Research

Research

Our research continues to focus on metals in biological systems in relation to human health and the environment. Specifically, we are focused on molybdenum enzymes that plays important roles in nitrogen, arsenic and sulfur metabolism. These enzymes have a common core shown here. the cofactor contains a pterin unit and a dithiolene unit that bind metal ions. All of these components are redox active making it one of the most versatile redox active cofactors in biology. A major approach is to design and synthesis of suitable molecules probing specific components of the active sites or reactivity.  In parallel, we work with the protein samples that we prepare from bacterial sources.

Periplasmic Nitrate Reductases.

Periplasmic nitrate reductase (Nap) is one of the most important bacterial nitrate reductases and are found in all phyla of bacteria. Some of the bacteria are free living while others are pathogenic. While the exact physiological roles of Nap in these bacteria are not clear, we believe that in pathogenic organisms they play an important role in nitrogen metabolism. Our research is focused on understanding the structure function roles of Nap from pathogenic organism such as Campylobacter jejuni. To this end, we have cloned and overexpressed the catalytic subunit of Nap, NapA. We investigate the properties of NapA with spectroscopic techniques.

Metal Complexes with Redox Active Ligands.

One of the redox active components in the molybdenum cofactor is the ene-1,2-dithiolene, which can exist in fully oxidized to fully reduced state. We are exploring the coordination chemistry of the fully oxidized state of the dithiolene, which is an electron deficient ligand. Coupling of this electron deficient ligand to a metal center with electron donating ligands creates donor-acceptor systems with metal center in between. These metal centers exhibit exquisite electronic properties.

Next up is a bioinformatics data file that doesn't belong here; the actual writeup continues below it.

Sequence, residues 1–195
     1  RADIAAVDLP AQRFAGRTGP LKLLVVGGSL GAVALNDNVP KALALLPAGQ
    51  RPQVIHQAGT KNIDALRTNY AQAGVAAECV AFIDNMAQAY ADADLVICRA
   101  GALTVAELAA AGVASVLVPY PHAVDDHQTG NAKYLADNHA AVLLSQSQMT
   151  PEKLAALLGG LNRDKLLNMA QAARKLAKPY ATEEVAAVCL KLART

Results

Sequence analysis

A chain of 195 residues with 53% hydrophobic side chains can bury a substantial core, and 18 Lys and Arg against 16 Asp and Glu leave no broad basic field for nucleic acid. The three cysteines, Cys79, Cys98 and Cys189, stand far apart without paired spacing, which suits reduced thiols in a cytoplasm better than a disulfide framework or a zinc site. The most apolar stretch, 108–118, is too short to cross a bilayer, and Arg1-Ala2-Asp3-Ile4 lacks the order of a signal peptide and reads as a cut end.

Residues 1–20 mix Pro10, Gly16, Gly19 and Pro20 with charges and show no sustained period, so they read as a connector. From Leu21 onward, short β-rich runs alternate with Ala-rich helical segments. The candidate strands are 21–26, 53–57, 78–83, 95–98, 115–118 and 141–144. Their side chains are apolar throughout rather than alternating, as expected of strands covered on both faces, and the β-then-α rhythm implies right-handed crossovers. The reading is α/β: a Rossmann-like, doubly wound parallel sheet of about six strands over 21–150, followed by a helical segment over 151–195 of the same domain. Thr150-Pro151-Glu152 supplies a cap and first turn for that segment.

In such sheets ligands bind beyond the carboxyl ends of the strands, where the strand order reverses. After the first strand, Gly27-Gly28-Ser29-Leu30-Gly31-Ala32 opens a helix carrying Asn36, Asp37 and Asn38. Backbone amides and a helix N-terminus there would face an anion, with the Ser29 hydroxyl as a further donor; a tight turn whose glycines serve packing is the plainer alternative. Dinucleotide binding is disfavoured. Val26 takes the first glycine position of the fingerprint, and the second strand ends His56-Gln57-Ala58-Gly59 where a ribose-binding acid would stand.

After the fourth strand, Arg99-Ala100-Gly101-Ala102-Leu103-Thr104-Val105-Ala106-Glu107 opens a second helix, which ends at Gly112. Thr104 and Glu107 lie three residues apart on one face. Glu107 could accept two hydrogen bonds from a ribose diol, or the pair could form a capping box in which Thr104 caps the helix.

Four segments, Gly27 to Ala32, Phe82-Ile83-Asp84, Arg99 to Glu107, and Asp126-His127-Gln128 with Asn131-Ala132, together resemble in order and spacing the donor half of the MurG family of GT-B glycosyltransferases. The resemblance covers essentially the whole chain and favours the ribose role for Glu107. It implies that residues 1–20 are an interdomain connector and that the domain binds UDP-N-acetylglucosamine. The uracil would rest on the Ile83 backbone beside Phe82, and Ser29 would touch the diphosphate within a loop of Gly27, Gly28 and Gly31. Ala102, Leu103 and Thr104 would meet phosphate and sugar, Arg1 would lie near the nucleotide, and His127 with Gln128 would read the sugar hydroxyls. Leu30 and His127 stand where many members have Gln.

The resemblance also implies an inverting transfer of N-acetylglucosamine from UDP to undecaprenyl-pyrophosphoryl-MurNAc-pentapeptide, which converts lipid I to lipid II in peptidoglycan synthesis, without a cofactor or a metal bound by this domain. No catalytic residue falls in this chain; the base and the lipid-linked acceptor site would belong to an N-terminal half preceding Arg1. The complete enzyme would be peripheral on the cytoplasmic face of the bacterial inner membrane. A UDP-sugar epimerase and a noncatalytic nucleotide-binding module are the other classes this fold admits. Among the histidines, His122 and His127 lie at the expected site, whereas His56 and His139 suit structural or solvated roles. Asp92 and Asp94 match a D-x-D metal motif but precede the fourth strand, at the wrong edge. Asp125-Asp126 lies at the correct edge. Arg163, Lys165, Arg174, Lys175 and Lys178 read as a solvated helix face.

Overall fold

Rational Synthesis of Molybdenum Cofactor.

Both nitrate reductase and arsenate reductase have molybdenum cofactor at the active site. The same basic cofactor is also present in many eukaryotic enzymes such as sulfite oxidase and xanthine oxidase. Genetic disorder leading to defect in molybdenum cofactor biosynthesis leads to several physiological disorders, yet complete chemical synthesis of the cofactor has yet not been possible. We have developing a new modular synthetic approach for this important biomolecule.

Development of new Sensors for Metal Ions.

We have developed a new class of ene-dithiols that binds metal ions very effectively. These molecules were synthesized an ongoing effort to synthesize certain features of the molybdenum cofactor. Many of the molecules are fluorophoric and we are exploring their optical properties as well as their metal binding, particularly lead binding, properties. One such molecule, called Leadglow (LG) shown here exhibit a strong preference for Pb2+ and thus acts a sensor for Pb2+.